Sunday, August 5, 2007

Zeitgeist


A student sent me a link to this video. It's two hours long, but it's fascinating. It starts with a detailed look at the origins of Christianity in astrology and Egyptian mythology, and then goes on to present, rather compellingly, interlocking conspiracy theories in regard to the 9/11 incident, the Federal Reserve Bank, and the major armed conflicts of the twentieth century. I've only watched it once, and I do not know how much of it is truth and how much is hogwash, but it's sure worth watching. You can view it in a larger format here.


3 comments:

Clay said...

Hi Bruce. I just watched this a couple days ago, and I can vouch for the Christian history info. Tom Harpur, former Anglican minister and professor of New Testament Greek for many decades, wrote a book called The Pagan Christ that summarizes the research on Egyptian and other Near Eastern religions, and their assimilation by the Church. Elaine Pagels, historian of early Christianity at Princeton, wrote several books bearing on other claims in Zietgeist, most remarkably, to me, in her _Beyond Belief: The Secret Gospel of Thomas_ (about the Nag Hammadi texts discovered a few decades ago). Fascinating. You see how some Christian cults - the ones of the Apostle Thomas' school - saw the gospel as a message more in line with Buddhism than with today's John-based orthodoxy.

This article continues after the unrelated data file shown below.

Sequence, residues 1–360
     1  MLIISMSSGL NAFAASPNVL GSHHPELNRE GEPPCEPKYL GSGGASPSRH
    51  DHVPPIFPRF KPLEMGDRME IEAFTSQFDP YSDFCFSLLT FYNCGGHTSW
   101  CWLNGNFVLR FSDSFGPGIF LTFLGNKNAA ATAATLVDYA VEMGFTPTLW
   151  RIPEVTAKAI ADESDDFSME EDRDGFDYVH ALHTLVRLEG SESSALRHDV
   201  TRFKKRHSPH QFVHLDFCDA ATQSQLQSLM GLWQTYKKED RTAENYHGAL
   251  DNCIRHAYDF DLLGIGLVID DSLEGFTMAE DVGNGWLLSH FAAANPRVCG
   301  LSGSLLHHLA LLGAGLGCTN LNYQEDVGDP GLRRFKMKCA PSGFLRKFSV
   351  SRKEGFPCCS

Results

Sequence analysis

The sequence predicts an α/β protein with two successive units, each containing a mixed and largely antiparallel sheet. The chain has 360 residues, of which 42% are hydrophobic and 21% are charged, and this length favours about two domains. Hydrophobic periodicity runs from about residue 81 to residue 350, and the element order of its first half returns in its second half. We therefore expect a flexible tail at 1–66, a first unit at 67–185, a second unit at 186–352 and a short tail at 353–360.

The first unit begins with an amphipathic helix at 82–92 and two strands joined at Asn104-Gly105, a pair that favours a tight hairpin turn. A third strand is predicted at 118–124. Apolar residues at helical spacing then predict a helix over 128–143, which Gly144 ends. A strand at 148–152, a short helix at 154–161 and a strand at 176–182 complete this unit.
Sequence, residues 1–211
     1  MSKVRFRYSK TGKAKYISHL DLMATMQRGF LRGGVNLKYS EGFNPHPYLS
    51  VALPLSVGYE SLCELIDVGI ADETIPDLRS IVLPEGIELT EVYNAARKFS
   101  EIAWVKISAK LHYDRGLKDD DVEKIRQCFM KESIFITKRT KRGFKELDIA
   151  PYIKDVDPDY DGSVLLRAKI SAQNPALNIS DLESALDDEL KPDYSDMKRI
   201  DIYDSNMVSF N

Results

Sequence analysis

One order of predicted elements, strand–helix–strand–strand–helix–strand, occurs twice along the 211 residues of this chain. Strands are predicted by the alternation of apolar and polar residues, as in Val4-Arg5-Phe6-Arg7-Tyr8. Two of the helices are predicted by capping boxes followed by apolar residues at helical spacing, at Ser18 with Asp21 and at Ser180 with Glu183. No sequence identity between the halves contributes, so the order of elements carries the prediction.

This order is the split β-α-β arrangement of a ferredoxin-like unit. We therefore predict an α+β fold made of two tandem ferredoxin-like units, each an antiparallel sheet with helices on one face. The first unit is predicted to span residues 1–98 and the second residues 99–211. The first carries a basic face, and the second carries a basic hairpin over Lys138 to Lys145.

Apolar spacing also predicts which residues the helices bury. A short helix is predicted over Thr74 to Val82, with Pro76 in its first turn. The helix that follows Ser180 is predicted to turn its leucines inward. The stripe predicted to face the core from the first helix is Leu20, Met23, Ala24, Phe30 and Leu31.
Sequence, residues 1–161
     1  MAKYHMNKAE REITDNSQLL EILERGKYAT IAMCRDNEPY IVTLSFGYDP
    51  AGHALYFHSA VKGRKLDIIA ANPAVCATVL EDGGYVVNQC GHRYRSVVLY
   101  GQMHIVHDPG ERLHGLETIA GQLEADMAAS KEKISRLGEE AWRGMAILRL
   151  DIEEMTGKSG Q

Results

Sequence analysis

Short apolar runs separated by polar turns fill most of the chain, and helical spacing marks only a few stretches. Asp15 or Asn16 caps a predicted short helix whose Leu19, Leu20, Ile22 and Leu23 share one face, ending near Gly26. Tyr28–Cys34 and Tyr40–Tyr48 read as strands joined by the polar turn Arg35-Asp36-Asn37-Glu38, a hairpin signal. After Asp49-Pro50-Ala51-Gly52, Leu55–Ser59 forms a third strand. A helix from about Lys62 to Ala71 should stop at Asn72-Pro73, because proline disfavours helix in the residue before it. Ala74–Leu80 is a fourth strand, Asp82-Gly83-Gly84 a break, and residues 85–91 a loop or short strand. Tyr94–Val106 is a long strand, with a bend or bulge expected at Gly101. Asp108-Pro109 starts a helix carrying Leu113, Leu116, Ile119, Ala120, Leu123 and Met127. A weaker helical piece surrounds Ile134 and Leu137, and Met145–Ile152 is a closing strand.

As for the Federal Reserve Bank and the 9/11, I don't know either. The filmmaker's primary sources and interviews were pretty compelling, though, weren't they? Disturbing stuff.

Bruce Schauble said...

The religion segment at the start certainly seems both surprising and convincing. And although I tend to mistrust conspiracy theories on principal, the footage of the 9/11 buildings, particular building seven, which no one seems to even talk about, was fairly dramatic evidence that something very nasty was going on here. The people they had on tape discussing it were very credible, and the evidence they are bringing forward is enough to make anyone want to take a second look.

I thought the filmmakers did a terrific job of deconstructing and casting extreme doubt upon the standard explanation. The evidence against the Federal Reserve system seemed more fragmentary and less plausible, but some of the quotes, assuming they weren't manufactured, are scary as hell. And the parallels between the goals and methods of our current American administration and those of the German administration of the 30s and 40s are sobering.

As a perhaps too-typical head-in-the-sand American who just wants to get on with the living of his life, I'd like to believe that it is all just a bunch of hyperbolic propaganda, but the filmmakers have done a pretty good job of making it hard to dismiss their claims. And if even some proportion of them are true, we've all been, and are now being, successfully played for fools. Again.

- B

Clay Burell said...

Yup. We should assign students to fact-check the Fed Res quotes ;-)

Do you feel somehow comfortingly distant from it all, mid-Pacific as your are, as I do literally poles apart?

Enjoying your posts, Bruce. "Prescience" was spot on too.